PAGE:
Monday, May 12, 2008

NCAA tournament expansion unlikely

The idea of expanding the NCAA tournament has a fair amount of support from college basketball coaches.

They make the point that 64 of 119 Bowl Subdivision teams (53.8 percent) played in bowl games last season, and two more bowls have been credentialed by the NCAA for 2008.

Meanwhile, 19.1 percent of the 341 Division I men’s basketball teams reached the NCAA tournament.

“Why is it that football can add more bowls and everybody will be pleased and happy,” said Florida State coach Leonard Hamilton, “but basketball can’t add more teams to eliminate this subjective, confusing (selection) process?”

“I really think the field needs to be expanded,” said Wake Forest coach Dino Gaudio.

Problem is, the Division I men’s basketball committee considered expanding the field two years ago but decided against it. The tournament is one of the most successful sporting events ever in the United States.

Because of that, TV executives and NCAA officials hesitate to tinker with the formula. The only change over the past 23 years has been the addition of one play-in game, which moved the field to 65.

“I can’t speak for the basketball committee at this given point in time,” said ACC commissioner John Swofford, “but they’ve made it clear that (expansion) is not somewhere it intends to go in the immediate future.”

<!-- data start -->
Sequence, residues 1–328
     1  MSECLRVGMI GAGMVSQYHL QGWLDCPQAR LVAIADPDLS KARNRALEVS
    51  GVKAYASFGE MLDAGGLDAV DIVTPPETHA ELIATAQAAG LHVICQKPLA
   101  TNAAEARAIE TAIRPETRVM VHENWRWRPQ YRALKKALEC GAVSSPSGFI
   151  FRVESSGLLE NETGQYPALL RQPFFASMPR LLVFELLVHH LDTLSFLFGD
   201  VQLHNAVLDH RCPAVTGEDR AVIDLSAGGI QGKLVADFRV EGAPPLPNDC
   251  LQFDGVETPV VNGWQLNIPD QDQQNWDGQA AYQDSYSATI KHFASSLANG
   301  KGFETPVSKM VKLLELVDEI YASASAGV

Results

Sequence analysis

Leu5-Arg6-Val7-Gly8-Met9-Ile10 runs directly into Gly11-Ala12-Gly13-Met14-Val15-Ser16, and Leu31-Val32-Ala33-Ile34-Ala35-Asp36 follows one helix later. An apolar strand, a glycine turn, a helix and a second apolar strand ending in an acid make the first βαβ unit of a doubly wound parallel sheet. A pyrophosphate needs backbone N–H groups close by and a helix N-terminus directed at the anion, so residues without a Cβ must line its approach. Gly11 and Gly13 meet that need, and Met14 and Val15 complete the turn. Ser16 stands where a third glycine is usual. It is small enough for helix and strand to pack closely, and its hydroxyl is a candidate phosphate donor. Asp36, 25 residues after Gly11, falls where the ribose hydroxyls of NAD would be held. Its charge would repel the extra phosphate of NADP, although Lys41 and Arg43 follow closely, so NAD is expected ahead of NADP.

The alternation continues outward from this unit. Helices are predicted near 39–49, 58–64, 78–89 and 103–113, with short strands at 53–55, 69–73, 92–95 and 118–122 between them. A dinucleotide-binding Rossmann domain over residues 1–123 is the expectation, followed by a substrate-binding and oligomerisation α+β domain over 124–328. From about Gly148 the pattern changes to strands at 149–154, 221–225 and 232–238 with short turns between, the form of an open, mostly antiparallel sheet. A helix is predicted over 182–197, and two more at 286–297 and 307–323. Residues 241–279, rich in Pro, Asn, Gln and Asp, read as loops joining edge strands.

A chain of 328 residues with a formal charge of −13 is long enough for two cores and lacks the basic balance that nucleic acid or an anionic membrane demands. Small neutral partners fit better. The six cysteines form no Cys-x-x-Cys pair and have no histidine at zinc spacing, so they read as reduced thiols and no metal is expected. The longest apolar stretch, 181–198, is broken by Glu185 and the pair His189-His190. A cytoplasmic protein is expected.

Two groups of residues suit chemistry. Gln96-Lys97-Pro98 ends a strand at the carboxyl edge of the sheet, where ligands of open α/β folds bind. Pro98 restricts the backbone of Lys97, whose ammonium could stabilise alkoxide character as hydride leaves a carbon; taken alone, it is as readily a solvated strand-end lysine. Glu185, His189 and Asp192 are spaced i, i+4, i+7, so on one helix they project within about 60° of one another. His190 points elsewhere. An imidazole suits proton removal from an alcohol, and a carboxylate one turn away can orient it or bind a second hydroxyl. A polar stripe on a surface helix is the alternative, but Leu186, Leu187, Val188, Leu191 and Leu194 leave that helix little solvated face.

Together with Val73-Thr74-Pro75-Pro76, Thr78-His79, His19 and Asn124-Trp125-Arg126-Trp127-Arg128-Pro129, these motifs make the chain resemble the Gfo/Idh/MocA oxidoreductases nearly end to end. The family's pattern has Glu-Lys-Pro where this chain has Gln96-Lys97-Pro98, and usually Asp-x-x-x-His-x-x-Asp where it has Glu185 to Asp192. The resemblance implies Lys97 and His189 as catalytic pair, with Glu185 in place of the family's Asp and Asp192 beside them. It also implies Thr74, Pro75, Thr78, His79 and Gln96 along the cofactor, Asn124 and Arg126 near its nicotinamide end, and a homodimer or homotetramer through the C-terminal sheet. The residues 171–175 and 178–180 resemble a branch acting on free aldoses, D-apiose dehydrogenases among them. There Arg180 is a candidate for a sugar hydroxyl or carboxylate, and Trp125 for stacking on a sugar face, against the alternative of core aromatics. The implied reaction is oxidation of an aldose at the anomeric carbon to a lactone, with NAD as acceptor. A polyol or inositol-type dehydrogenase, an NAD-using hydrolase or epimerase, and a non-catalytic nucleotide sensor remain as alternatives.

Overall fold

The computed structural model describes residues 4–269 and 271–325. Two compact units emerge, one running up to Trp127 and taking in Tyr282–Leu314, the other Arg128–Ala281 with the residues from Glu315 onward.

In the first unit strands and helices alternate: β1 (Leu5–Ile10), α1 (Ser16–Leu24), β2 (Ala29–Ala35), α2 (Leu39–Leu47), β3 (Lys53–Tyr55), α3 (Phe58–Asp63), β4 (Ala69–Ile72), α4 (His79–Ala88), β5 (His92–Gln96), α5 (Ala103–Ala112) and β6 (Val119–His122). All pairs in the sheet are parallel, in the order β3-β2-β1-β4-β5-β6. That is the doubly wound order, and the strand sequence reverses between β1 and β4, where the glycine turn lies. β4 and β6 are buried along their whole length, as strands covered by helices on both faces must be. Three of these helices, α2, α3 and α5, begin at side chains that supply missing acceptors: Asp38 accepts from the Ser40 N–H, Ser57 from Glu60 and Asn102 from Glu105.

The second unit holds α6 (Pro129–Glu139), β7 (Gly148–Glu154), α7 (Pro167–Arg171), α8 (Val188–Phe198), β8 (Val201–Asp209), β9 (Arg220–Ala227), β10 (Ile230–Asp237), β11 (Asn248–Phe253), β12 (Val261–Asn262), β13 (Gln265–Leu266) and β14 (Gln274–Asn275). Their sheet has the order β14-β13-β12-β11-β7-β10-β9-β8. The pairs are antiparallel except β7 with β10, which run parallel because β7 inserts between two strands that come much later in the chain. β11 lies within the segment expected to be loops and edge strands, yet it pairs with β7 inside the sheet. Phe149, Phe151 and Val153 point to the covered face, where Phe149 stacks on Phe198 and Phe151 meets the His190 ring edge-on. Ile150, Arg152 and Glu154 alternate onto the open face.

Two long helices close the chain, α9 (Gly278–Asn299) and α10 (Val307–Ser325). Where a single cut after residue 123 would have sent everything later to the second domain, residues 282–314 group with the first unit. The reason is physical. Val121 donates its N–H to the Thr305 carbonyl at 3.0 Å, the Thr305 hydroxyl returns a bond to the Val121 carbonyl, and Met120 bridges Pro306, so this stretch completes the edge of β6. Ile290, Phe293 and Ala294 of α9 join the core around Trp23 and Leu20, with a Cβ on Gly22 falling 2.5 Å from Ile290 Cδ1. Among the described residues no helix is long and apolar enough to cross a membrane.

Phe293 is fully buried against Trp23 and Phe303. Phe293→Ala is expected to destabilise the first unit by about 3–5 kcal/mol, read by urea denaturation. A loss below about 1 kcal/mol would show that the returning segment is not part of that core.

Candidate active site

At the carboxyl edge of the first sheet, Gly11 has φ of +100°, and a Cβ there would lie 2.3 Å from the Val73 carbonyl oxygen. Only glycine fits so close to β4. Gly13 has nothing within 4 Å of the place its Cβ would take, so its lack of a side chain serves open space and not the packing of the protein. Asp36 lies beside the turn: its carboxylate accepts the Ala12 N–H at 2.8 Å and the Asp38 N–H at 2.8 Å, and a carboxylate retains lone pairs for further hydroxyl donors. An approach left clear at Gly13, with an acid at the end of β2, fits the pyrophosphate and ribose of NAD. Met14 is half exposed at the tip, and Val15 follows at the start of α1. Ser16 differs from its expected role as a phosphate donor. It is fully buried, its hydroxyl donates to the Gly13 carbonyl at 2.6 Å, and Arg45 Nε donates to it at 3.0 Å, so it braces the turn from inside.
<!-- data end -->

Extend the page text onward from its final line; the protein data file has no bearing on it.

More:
Swofford already has made another sensible argument for ACC coaches and administrators, who are in their spring meetings this week at Fernandina Beach, Fla. They’re upset that the ACC received just four NCAA tournament bids this season despite having the nation’s highest conference ranking in the RPI, which measures winning percentage and strength of schedule.

In a letter sent to the Division I men’s basketball committee, Swofford requested that conference strength be added to the criteria considered for NCAA tournament selection.

“The ACC over the years as it’s been, top to bottom, one of the strongest leagues of all in the country,” said Georgia Tech coach Paul Hewitt. “Actually that letter, I had a chance to look at it, had some things even I didn’t realize.”

Swofford makes the point that the bottom teams in the ACC were strong last season. N.C. State defeated Villanova and Davidson. Virginia won at Arizona.

If the field isn’t going to be expanded, using conference strength as a rallying point probably is the ACC’s next best option. That would be a good spot for the coaches to focus their energy. – Ken Tysiac


Anonymous said...

Considering that the total margin of N.C. State's victories over Davidson and Villanova was 2 points (one on a neutral court and the other at N.C. State), I'm not sure what that proved.

Anonymous said...

A berth in the Bowl is supposed to be equated with a bid to the NCAA tourney? These minor bowl bids are to post-season football what the NIT and the other new post-season tournament are to college basketball.

These coaches sound like idiots.

For a BCS team to go to a football bowl, they barely have to get to 6 wins (some teams go with a .500 record). For a basketball team from a BCS conference to make the post-season NIT, they barely have to play .500 for the season.

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